Note this too from Kennedy:

I believe in a President whose religious views are his own private affair, neither imposed by him upon the nation or imposed by the nation upon him as a condition to holding that office.

This is a defense of private conscience as the core bulwark of religious life - emanating from the Second Vatican Council. And that too is what today's radical GOP is attacking.

Comment by Sydni Moser on February 27, 2012 at 7:26am

Comment by Doone on February 26, 2012 at 9:53pm

Rick Santorum’s Views on Church and State Make My Brain Vomit

[Cole covered this already, but I’m posting this here anyway because I do what I want and besides, you’re not the bossa me. -ABLxx]

Rick Santorum is such a nutbag that actual bags of nuts see him and are like, “Wha?!”


 Today in “Rick Santorum is a nutbag” news, we have Santorum going even further off the religious deep end. Surprise!

On This Week with George Stephanopoulos, Santorum said that John F. Kennedy’s 1960 speech to the Baptist Ministers made him want to “throw up,” and that the separation of church and state likewise makes him want to throw up.  No seriously.  He said that.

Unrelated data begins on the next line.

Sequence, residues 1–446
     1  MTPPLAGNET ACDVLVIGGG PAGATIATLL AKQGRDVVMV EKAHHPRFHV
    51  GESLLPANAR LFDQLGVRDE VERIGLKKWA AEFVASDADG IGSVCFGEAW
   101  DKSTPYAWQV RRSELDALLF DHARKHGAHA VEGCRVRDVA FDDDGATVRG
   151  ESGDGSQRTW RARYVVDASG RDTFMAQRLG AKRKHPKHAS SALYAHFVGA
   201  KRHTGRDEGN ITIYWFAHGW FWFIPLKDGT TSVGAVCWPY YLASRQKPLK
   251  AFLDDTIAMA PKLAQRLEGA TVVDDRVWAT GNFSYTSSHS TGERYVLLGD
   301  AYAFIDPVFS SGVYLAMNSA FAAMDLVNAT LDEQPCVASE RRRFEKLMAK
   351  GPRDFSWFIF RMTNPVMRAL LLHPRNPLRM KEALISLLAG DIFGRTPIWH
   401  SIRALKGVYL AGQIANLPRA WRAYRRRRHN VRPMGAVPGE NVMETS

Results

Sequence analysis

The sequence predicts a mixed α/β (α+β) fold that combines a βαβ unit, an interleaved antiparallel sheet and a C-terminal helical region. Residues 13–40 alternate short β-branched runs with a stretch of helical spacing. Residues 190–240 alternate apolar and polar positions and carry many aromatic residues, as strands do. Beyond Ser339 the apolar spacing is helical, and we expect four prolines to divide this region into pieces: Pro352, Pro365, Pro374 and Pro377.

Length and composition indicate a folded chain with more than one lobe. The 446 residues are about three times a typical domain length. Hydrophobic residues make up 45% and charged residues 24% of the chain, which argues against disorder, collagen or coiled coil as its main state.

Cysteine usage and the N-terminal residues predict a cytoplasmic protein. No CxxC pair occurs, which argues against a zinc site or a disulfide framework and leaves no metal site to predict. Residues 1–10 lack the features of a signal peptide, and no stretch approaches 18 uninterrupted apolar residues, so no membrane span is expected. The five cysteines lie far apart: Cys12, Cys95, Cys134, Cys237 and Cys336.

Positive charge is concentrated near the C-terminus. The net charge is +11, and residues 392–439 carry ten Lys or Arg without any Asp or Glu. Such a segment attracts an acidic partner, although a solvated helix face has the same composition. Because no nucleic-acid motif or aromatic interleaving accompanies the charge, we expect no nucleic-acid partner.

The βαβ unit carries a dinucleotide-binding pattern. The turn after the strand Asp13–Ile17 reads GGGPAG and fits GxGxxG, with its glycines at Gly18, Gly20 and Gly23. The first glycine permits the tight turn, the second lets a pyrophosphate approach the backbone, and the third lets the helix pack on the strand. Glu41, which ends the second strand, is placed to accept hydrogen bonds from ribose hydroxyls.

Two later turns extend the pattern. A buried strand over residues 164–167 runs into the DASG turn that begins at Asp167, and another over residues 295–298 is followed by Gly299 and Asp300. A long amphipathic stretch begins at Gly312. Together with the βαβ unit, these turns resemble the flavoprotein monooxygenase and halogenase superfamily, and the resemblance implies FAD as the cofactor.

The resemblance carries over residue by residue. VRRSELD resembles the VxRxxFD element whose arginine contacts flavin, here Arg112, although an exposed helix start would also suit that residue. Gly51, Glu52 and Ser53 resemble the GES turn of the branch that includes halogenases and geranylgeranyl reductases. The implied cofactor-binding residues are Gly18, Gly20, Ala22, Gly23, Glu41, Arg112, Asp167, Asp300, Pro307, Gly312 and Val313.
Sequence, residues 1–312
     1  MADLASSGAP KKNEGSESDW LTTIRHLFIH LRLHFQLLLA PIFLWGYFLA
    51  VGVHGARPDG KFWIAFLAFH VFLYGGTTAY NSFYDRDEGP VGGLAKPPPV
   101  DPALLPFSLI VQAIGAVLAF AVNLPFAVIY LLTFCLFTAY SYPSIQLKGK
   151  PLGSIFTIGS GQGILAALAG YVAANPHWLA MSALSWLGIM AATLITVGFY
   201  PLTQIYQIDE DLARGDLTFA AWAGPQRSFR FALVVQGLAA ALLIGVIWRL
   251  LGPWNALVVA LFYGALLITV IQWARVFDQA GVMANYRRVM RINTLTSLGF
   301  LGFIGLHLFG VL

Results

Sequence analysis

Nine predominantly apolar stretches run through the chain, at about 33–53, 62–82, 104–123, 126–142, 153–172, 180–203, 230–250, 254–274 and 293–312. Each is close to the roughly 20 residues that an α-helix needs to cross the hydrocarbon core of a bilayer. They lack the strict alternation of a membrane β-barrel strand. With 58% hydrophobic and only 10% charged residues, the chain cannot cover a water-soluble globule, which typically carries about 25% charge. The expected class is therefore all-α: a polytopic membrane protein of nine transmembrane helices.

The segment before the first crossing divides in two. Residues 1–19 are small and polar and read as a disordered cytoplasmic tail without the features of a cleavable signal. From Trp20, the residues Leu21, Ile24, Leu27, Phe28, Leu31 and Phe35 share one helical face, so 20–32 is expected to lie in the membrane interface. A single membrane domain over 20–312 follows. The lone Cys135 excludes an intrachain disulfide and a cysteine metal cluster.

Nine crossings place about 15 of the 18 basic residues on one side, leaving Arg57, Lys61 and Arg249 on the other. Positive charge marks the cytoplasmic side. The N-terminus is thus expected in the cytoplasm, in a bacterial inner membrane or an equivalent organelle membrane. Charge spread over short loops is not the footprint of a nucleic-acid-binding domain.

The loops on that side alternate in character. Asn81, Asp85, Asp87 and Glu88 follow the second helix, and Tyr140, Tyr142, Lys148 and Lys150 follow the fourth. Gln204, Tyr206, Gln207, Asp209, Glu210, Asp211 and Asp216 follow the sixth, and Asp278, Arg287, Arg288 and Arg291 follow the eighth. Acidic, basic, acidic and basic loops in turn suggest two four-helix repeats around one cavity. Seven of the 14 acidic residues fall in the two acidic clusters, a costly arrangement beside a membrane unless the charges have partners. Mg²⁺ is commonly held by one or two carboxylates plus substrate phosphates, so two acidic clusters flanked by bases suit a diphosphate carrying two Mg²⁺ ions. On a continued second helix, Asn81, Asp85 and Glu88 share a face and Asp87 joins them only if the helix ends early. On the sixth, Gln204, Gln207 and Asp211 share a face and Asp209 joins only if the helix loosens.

Let’s take a look at what JFK said back in 1960 as he made his case that as a Catholic, he would not go off the religious deep-end and unleash some sort of papal theocracy: Read the rest of this post »

Comment by Doone on February 26, 2012 at 8:50pm

Quote For The Day

"Six months before this thing got going, every Republican I know was saying, ‘We’re gonna win, we’re gonna beat Obama.’ Now even those who’ve endorsed Romney say, ‘My God, what a fucking mess,'" - Ed Rollins, GOP apparatchik.

Comment by Doone on February 26, 2012 at 6:48pm

"One Of The Finest Minds Of The 13th Century"

That's what Tom Ferrick Jr. jokingly calls Rick Santorum. Ferrick illustrates Santorum's extremism:

In 2010, Santorum delivered a little-noticed speech in Houston to mark the 50th anniversary of John F. Kennedy’s address in the same city before a convention of Protestant ministers. Kennedy went before the group to alleviate fears that if a Catholic was elected president of the United States, the Pope would rule America. As Kennedy said at the beginning of his speech: "I believe in an America where the separation of church and state is absolute."

Santorum went to Houston not to praise Kennedy but to bash him. To Santorum, the Kennedy speech did permanent damage because it led to secularization of American politics. He said it laid the foundation for attacks on religion by the secular left that has led to denial of free speech rights to religious people. "John F. Kennedy chose not to just dispel fear," Santorum said, "he chose to expel faith."